This blog post is a little delayed. I have been incredibly busy, both at International IDEA and in my free time. I had a friend visit from Scotland this past week. She was in town for Crown Princess Victoria's wedding. It was a blast, and the most crowded I've ever seen Stockholm. Apparently most of Stockholm will go on vacation next month, so I'm probably never going to see such crowds in the city again.
There is some disagreement in Sweden over whether it is a good thing to have a royal family. On the one hand, many people in Sweden see them as a patriotic, cultural, and historical symbol of the country. On the other hand, people think that it is not fitting with Sweden's progressive image to have an old fashioned like royalty. I believe this latter argument gains supporters when the royal family's use of taxes becomes more visible, as it was for the royal wedding. Even so, a lot of the money went to making the wedding a public event. It also drew a decent amount of tourism, particularly from Germany, where people are quite interested in the Swedish royalty. I quite enjoyed the wedding. The princess seemed genuinely happy marrying her former personal trainer. While we were watching the wedding on big screens in a city square, everyone was oohing and ahhing together. It was a very happy crowd.
At work, we are endeavoring to map constitution building processes in Africa. It is a massive undertaking, made even more difficult by the fact that African constitution building processes are not popular subjects for scholarly articles, or even any articles. It reminds me of when I had to choose a topic for my note for journal that was not preempted. We were advised to look for a hole in the literature. Well, I think we have found a rather large hole in the literature. If anyone is looking for a note topic, I'd suggest looking there. It is especially difficult to find out what were the contentious issues during the drafting process, which is precisely what we are trying to document. I'm very appreciative of our summer access to the library databases.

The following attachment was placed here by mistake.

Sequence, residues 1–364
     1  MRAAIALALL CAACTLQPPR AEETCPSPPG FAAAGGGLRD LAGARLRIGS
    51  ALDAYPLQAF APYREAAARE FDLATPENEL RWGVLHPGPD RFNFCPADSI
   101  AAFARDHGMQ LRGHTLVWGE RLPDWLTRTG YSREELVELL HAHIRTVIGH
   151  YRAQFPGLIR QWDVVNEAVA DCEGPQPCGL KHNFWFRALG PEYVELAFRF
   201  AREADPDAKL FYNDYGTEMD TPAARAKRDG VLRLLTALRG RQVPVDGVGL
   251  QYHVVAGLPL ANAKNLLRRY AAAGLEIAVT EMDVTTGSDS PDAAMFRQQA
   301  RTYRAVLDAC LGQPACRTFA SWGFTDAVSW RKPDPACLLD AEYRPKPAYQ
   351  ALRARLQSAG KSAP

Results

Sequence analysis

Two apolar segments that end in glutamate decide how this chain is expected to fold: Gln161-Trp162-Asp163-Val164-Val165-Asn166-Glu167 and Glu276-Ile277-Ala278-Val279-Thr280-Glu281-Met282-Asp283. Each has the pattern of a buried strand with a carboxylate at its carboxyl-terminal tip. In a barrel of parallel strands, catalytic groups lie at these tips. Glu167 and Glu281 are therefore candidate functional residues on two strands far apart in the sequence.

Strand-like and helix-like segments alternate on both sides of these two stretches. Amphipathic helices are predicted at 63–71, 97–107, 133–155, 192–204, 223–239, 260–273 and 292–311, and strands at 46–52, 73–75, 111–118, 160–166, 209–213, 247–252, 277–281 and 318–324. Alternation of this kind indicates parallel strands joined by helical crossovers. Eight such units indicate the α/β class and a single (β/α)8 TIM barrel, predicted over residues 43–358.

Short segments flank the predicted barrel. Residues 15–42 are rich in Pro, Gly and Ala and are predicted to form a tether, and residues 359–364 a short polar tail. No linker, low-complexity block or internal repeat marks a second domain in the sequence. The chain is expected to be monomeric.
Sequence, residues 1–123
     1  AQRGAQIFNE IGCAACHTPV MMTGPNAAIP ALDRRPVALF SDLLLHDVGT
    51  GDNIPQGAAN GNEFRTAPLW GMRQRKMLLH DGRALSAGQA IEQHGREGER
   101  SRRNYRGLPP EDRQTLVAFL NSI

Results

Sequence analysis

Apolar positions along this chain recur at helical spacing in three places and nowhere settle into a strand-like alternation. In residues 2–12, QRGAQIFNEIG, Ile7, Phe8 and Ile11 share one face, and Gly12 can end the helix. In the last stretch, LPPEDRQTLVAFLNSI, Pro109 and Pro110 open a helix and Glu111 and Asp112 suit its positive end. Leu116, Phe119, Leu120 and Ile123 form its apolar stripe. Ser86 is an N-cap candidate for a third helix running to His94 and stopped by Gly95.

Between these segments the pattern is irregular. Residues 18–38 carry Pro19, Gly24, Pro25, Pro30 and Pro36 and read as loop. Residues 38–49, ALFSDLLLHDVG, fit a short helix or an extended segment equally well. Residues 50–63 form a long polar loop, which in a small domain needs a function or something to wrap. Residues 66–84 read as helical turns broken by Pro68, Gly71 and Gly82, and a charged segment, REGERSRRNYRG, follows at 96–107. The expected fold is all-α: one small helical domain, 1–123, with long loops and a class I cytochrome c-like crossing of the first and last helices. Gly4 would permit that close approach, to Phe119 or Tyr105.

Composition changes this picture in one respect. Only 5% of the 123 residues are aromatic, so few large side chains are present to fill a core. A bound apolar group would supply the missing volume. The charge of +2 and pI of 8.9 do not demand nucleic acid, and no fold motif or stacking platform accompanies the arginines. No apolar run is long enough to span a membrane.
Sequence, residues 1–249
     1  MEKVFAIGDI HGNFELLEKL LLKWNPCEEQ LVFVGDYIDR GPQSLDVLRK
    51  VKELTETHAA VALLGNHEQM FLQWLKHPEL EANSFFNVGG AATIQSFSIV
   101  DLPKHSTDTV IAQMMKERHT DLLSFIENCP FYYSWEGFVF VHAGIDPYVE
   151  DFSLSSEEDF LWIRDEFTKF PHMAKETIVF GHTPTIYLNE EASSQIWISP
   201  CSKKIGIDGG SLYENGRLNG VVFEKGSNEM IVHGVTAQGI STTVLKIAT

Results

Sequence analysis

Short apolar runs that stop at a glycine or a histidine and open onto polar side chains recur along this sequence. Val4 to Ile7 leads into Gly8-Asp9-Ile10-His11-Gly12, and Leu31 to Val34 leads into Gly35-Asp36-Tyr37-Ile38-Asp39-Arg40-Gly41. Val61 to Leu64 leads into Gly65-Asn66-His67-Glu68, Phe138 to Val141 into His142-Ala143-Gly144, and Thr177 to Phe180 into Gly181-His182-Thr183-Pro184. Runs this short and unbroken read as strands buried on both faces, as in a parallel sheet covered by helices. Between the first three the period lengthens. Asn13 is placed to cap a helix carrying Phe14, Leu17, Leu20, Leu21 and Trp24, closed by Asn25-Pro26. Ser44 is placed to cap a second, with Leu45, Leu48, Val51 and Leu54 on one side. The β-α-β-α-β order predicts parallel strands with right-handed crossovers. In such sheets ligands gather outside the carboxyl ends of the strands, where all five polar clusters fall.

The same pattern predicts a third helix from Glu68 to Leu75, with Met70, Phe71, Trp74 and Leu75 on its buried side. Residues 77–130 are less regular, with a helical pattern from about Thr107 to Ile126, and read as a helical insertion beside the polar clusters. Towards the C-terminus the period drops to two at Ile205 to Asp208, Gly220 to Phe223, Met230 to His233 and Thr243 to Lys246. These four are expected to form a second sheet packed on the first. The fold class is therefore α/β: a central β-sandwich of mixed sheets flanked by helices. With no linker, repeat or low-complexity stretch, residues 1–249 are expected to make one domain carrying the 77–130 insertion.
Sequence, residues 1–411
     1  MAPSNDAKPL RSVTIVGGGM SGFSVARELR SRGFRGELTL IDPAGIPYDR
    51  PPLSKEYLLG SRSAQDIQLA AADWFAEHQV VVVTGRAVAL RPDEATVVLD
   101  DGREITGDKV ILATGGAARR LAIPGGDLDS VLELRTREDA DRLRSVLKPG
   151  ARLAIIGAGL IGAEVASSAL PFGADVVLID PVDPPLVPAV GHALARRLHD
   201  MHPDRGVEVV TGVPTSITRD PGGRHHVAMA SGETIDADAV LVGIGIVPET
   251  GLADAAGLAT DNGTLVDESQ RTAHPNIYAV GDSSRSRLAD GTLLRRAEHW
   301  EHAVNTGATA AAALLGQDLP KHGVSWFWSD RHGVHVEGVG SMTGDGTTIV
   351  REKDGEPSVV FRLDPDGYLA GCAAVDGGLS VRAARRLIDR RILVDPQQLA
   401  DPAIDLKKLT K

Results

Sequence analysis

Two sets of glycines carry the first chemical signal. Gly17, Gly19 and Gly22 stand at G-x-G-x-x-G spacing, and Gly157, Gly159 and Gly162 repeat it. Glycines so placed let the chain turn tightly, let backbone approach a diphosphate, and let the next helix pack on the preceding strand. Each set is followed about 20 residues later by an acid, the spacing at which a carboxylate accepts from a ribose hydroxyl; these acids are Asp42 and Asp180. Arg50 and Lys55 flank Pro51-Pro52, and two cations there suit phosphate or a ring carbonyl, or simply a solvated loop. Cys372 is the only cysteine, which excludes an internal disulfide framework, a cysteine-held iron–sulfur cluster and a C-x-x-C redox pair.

On warm weather days, I look at Stockholm and think to myself, "What a beautiful city." Because it is. The buildings here are uncommon, with their flat faces and different shades of paint. It becomes impossible not to realize that you are living in a foreign land. I went up on a coworker's rooftop terrace last week and looked out over the roofs of Gamla Stan, the old part of town. All the buildings are old fashioned and none can be above a certain height. The roofs are all either blackened metal sheets or old copper that has turned teal. It makes for quite the picturesque urban landscape. The sky here is so incredibly blue when it's clear. I've never seen such a blue sky outside of Colorado in the fall. I wonder if the higher latidtude has a similar effect as a higher altitude.